Illustrated in FIG. 2 is a block diagram of the server 14 and the data files 20 it transmits, according to the present invention. A web page 22 is constructed from one or more component files 20. These files 20 are stored in a database 24 coupled to the server 14 and are occasionally updated from other servers 14 with more recent information. For example, a page 22 could be a stock market page dedicated to a particular company with a graph of the stock price 20 a, the latest news story about that company 20 b, and the company logo 20 c. The graph 20 a could be updated frequently (e.g., every 15 minutes), the news story 20 b would be updated when appropriate (e.g., every few days) and the logo 20 c may never change. This updating could be initiated by the other servers 14 (potentially employing the method of the present invention) or the present server 14 could anticipate a need for the updated data using the method of the present invention and acquire it. Accordingly, any client 12 (or a server acting like a client when acquiring data) requiring this page 22 would need to receive the logo 20 c only once, the news story 20 b occasionally, and the chart 20 c frequently. However, not all clients 12 are listening to the communication channel 10 when one or more of the files 20 changes. Further, many clients 12 will develop a need for a page 22 after the most recent change to the files 20 that make up that page 22. Because the database 24 could contain a very large number of files 20, and given the limited bandwidth of the communication channel 10, the server 14 must prioritize the files 20 for transmission.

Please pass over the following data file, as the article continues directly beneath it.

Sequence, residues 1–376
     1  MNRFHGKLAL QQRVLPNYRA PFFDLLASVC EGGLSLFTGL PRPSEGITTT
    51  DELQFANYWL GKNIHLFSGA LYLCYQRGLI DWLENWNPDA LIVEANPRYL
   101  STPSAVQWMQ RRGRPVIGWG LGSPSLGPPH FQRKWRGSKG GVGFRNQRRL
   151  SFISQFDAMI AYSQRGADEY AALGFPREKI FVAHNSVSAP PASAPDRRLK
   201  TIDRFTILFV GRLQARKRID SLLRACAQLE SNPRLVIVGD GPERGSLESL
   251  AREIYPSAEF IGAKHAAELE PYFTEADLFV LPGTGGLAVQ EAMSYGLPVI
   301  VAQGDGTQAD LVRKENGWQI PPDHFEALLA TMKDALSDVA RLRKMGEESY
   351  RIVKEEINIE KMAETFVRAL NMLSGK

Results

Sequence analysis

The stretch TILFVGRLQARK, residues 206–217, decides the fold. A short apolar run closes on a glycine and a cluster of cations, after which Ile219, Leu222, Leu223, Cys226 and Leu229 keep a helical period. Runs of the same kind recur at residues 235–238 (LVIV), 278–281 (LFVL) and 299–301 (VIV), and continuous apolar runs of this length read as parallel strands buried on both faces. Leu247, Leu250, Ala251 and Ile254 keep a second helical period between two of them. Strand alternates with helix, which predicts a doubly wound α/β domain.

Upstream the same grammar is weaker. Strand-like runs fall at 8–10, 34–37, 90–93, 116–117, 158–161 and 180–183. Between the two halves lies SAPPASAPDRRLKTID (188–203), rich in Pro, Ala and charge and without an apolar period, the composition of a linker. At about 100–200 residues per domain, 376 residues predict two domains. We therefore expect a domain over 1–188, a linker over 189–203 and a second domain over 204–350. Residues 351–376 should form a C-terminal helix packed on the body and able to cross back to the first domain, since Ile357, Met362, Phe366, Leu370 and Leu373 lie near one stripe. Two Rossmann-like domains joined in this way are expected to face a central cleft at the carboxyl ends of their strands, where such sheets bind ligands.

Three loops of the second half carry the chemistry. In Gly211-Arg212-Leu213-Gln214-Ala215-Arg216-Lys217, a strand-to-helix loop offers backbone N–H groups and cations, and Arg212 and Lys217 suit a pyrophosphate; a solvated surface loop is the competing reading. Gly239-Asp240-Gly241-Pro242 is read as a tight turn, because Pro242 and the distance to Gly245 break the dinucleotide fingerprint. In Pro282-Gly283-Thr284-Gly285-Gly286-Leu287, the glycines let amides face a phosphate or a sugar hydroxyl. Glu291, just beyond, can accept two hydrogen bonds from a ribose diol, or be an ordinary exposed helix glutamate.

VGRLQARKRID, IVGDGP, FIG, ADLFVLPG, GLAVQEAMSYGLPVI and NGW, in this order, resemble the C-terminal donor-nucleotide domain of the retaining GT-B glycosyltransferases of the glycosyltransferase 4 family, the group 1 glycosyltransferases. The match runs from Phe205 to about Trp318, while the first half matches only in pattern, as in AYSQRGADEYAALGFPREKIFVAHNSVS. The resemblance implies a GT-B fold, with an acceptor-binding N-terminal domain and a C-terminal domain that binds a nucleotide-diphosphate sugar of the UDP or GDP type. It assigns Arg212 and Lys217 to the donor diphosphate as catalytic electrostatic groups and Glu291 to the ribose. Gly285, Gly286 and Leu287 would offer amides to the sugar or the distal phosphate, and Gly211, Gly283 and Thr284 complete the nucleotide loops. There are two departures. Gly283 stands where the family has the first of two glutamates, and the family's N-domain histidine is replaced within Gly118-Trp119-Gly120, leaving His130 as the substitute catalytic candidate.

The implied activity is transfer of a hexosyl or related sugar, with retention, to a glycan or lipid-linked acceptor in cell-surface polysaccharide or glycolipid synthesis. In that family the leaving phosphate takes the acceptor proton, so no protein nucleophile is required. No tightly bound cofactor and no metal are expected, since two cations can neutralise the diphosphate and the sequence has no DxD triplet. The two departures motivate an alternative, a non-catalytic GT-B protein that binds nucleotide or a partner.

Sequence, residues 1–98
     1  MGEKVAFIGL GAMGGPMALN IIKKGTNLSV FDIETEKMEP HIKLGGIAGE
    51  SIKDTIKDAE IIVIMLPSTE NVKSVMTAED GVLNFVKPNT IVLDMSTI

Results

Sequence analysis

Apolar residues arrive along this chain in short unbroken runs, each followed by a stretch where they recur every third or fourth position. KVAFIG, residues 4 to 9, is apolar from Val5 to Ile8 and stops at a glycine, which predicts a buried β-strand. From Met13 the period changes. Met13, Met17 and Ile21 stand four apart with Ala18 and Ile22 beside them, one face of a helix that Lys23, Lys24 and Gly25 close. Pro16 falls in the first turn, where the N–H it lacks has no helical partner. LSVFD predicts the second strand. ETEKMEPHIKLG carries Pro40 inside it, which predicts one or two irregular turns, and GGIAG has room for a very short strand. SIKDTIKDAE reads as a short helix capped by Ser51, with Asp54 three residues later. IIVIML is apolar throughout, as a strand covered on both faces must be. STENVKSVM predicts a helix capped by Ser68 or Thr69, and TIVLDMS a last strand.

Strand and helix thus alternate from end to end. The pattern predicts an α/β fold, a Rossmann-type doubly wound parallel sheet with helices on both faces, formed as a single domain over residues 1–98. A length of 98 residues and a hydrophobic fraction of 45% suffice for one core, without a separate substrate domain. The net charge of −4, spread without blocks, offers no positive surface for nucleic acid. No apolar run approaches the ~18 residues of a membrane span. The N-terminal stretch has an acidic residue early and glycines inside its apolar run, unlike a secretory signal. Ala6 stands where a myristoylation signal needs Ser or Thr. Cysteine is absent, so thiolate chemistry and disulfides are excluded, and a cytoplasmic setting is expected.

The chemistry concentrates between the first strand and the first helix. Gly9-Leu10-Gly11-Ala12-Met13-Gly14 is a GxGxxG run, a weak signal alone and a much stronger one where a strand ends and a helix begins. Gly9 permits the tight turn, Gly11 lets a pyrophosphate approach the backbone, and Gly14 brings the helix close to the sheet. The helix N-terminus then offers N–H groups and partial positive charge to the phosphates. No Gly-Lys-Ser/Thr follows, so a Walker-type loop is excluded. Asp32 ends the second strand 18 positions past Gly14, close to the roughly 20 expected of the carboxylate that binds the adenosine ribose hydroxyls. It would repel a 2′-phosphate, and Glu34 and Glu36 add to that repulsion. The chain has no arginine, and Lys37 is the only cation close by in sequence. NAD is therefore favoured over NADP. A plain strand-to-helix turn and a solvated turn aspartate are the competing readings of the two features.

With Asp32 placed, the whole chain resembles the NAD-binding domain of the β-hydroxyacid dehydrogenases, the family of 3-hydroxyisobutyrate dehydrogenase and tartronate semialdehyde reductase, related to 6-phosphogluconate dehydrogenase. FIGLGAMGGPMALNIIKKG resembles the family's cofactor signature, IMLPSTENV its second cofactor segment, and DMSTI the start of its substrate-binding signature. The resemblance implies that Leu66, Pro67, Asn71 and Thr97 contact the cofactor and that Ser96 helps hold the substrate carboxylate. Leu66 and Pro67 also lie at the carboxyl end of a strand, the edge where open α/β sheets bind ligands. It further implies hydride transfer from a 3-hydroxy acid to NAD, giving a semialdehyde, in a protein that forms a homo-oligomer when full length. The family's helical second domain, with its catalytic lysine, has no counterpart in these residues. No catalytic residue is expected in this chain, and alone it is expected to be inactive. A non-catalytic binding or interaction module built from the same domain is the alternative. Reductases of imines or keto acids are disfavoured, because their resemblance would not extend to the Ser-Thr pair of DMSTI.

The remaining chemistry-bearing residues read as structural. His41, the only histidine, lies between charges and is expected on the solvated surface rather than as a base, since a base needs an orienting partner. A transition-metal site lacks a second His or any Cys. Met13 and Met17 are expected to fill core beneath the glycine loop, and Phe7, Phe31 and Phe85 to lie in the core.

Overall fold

Illustrated in FIG. 3 is one potential three dimensional control surface 30 used to determine file prioritization. Files 20 are prioritized for transmission or acquisition by determining their degree of membership in each fuzzy input variable and mapping them on to the multi-dimensional control surface 30. The final dimension of the control surface (the height in this case) is the priority assigned to the file 20.